The Wrath of Fantomas is a book I approached with extreme prejudice. It’s a graphic novel that seeks to present a new version of Pierre Souvestre and Marcel Allain’s Fantomas series, which proved so successful when it was introduced a scant 108 years ago. As a rule, I dislike the concept of rebooting a series.
When first discovering a book series as a kid, continuity was key. It made a property more meaningful if there were numerous volumes to find and devour. Scouring used bookstores for dogeared copies of the missing pieces in the narrative puzzle made such books far more valuable to me. It seemed there were always a half dozen series I was working on completing in those decades long before the internet. They form some of the happiest memories of my formative years.
The entire concept of rebooting a series as a jumping-on point for new readers (or viewers, in the case of films) is distasteful to me. It devalues the worth of the original works. It suggests a series can be boiled down to its lowest common denominator and elements juggled so that a name and basic concept are enough to move forward with renewed sense of purpose.
Generally, in these overly sensitive times of ours, it also means elements that are no longer fashionable or politically acceptable will be whitewashed, bowdlerized, and otherwise made acceptable for Stalin, Mao, or whomever else has the clout to say censorship is required when the past inconveniently reminds us people were always flawed, unfair, uncouth, or sometimes just bluntly honest.
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Jean-Claude Carriere is best remembered as the acclaimed screenwriter of Hotel Paradiso (1966), Belle de Jour (1967), The Discreet Charm Of The Bourgeoisie (1972), The Return Of Martin Guerre (1982), and The Unbearable Lightness of Being (1988). Less well known is the fact that he also authored (under the house name of Benoit Becker) six very bloody sequels to Mary Shelley’s classic Frankenstein; or, The Modern Prometheus (1818) in 1957 and 1958 for a French horror-specialty imprint. Carriere’s books chronicle the exploits of Gouroull, as he christened the Monster, as he moves across Europe from 1875 to 1939.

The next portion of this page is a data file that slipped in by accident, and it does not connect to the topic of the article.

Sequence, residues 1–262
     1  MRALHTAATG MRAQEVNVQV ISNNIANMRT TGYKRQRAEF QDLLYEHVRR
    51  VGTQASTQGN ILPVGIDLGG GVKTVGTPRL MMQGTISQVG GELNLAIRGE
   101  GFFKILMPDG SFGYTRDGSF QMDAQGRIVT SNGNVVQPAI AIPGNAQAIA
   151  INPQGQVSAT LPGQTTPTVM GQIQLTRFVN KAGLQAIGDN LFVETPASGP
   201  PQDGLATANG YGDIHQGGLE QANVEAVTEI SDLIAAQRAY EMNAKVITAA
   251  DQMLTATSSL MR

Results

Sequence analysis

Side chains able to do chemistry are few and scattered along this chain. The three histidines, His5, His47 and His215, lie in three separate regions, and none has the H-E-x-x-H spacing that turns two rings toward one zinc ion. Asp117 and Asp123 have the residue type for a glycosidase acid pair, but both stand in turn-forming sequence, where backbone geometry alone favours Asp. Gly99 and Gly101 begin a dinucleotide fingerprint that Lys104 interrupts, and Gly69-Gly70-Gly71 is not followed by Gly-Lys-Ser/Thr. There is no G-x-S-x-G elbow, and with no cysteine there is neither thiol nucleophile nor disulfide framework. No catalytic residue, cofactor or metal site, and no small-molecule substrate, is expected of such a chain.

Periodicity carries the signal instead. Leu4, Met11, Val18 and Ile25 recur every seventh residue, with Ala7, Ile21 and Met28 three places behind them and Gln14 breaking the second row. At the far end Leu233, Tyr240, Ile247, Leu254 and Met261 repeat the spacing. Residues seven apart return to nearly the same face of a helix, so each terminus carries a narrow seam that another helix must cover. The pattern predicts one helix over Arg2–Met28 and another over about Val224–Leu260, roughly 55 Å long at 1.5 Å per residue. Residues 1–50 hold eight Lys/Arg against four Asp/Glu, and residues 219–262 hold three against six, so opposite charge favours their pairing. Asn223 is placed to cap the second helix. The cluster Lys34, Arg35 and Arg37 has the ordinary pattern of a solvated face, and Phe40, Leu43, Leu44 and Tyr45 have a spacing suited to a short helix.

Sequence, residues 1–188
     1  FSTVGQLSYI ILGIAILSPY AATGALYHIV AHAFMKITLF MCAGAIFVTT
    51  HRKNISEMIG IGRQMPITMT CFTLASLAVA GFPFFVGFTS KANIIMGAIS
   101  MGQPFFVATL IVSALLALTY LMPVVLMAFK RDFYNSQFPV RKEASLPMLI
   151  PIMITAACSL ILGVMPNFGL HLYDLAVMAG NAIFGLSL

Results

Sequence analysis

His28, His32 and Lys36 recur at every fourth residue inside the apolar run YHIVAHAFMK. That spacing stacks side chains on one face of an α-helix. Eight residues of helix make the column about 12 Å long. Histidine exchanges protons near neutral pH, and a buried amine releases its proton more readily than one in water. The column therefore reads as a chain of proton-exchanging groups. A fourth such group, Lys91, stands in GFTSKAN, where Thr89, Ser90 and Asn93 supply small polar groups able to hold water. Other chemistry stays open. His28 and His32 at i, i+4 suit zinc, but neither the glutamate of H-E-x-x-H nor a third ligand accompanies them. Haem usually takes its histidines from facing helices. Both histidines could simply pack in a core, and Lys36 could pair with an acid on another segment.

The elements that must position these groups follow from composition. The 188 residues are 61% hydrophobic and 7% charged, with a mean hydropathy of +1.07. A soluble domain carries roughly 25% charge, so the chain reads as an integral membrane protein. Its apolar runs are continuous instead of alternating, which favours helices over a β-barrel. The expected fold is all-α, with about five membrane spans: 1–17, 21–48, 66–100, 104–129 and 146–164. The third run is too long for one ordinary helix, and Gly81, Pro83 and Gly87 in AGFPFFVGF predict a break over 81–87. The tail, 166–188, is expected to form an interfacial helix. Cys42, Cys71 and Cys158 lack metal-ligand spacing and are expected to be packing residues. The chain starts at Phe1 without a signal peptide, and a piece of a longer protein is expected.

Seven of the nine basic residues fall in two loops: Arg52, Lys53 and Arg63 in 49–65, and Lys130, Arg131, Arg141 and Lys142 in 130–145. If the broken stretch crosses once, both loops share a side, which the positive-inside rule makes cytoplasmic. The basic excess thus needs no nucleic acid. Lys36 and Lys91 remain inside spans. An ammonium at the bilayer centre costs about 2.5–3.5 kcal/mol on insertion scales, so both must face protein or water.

Gouroull is portrayed very much in the mold of Mary Shelley’s literary original. He is a terrifying amoral creation possessed of superhuman strength and cunning. Truly the only one of his kind, he is a creation who has outlived his creator and knows not love or restraint. Gouroull is the ultimate sociopath. This Frankenstein monster is quite foreign to our pop cultural mindset. Gouroull uses his razor sharp teeth to slash his victims’ throats. He does not breathe. His skin is naturally flame-resistant. Ichor runs in his veins in place of blood. He is a monster like no other.
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Pulp historian Rick Lai is perhaps best known for his definitive chronologies of Doc Savage and The Shadow published by Altus Press. The comprehensive nature of these works has inspired more than one reader to wish Lai had dedicated his career to producing similar volumes for all other pulp series. While that particular wish may not be possible to accommodate, he has devoted much of his time and energy for the past quarter century authoring speculative articles on works of imaginative fiction. Some of his literary investigations fall within the Wold Newton framework established by Philip Jose Farmer, while others do not. Much like a dedicated theosophist indifferent to sectarianism, Lai seeks the truth regardless of where the path leads.
Altus Press subsequently published two volumes collecting all of Rick’s articles under the titles Daring Adventurers and Criminal Masterminds. The former features articles concerning the classic pulp hero, The Avenger; as well as more obscure characters created by Talbot Mundy and Robert E. Howard; and multiple articles concerning such well-loved characters as Peter the Brazen, Raffles, Professor Challenger, Arsene Lupin, and Jules de Grandin. The second volume shifts the focus to the villains readers loved to hate such as Fu Manchu and various Yellow Peril clones including Hanoi Shan and Sumuru; Jules Verne’s seminal super criminals, Captain Nemo and Robur the Conqueror; Guy Boothby’s highly obscure Dr. Nikola; Bulldog Drummond’s arch-nemesis, Carl Peterson; and the most famous criminal mastermind of all, Professor Moriarty from the Sherlock Holmes series by Sir Arthur Conan Doyle.
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